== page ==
The art of checking members in (and out!)
In this post we explore the world of knowing who is in and out of your space, the different techniques you can use to make this process easier as well as how you can use the data to make the most of the available space and help your community of members connect with each other.
We refer to check-in as the action of letting your management system know a particular member or visitor has arrived to the space. Check-out, in the other hand, is just the opposite, occurs when a member or visitor leaves the space.
Having information about when members go in and out of the space can be used in many different ways but we see three repeating patterns.
An overwhelming amount of spaces offer these days part-time packages which let members in those plans use the space up to a number of days or hours a month. Surprisingly, a lot of these spaces don’t have an accurate way of knowing how long each member has been in the space during each billing cycle, and they rely on an honesty system or no system at all.
Checking members in an out can easily give you the data you need to keep track of how many days or how long each member has been in the space. In general, time is measured in either calendar days or in hours.
When using calendar days, members can be in the space for up to an amount of different days, but they can be in the space for as long as they want during those days. These plans are ideal for members who regularly visit the space but don’t need a full-time access.
When using time, members can be in the space for up to an amount of hours but these hours can be used across multiple days. These plans are ideal for those members who don’t visit the space regularily or following a predictable pattern (i.e. every week)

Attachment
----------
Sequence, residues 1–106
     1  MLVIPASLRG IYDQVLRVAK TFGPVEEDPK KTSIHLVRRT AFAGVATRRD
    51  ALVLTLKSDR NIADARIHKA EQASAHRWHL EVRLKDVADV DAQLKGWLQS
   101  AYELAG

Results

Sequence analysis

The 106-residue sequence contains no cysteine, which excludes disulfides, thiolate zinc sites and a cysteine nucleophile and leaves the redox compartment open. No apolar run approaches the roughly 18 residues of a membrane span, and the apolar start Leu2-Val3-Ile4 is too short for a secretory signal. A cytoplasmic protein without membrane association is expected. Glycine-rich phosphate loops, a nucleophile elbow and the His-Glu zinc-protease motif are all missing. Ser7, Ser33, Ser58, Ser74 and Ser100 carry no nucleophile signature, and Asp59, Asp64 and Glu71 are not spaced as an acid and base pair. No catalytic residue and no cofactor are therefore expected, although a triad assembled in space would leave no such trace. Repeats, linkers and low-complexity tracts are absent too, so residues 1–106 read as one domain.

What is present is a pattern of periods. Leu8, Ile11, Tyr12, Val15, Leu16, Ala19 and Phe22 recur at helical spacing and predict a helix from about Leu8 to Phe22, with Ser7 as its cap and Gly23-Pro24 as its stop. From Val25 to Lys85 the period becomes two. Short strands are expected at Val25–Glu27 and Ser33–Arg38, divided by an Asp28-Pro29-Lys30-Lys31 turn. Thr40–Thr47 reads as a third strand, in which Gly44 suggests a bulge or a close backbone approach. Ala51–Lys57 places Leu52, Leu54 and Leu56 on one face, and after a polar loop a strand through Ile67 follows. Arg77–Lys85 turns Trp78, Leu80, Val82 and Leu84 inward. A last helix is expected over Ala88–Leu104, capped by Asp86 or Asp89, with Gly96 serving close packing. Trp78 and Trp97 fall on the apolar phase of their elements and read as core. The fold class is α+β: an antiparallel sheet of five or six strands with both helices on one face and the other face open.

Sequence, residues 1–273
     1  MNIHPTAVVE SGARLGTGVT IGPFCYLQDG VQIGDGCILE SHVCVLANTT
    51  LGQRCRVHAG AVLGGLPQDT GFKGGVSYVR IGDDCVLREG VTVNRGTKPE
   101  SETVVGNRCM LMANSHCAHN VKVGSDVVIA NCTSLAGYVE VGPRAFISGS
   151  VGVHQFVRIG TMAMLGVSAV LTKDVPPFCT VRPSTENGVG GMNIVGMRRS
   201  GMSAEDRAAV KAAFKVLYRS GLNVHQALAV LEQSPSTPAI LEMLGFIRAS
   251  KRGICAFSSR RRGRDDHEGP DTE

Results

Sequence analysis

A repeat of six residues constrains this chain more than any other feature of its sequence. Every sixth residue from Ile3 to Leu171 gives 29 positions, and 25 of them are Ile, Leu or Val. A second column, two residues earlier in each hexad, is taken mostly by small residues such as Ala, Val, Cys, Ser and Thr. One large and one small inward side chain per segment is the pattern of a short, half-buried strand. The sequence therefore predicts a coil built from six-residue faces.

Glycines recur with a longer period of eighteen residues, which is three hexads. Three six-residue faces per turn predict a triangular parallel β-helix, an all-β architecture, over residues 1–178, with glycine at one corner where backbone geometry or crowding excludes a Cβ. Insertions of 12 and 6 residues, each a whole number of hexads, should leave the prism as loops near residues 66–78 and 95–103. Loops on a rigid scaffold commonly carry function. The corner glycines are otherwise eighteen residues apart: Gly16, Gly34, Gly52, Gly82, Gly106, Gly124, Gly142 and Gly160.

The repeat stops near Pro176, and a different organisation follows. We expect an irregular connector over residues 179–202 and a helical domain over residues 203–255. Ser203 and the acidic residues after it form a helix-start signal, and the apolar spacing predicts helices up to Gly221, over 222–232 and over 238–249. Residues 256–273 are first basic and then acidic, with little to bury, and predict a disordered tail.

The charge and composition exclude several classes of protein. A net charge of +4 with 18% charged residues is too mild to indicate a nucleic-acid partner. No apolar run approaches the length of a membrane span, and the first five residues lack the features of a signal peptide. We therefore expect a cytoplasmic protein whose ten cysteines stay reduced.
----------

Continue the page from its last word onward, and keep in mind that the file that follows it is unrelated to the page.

Having data around when members are in the space can also be useful to understand how and when your space is being used. Specifically, knowing when your busiest times are can help you promote less busy times with cheaper rates or use those times to organise alternative activities in the space knowing your will potentially disrupt fewer people.
With occupancy data at hand, you can easily build different plans that allow members to access the space at specific times of the day or weekdays. For example, you could have an off-peak plan that lets members access the space only after 6pm and during weekends.
An important benefit of knowing when specific members are in the space is that you can communicate this to other members via your online portal, a dashboard, wall display in the space or to other members of your team and hosts.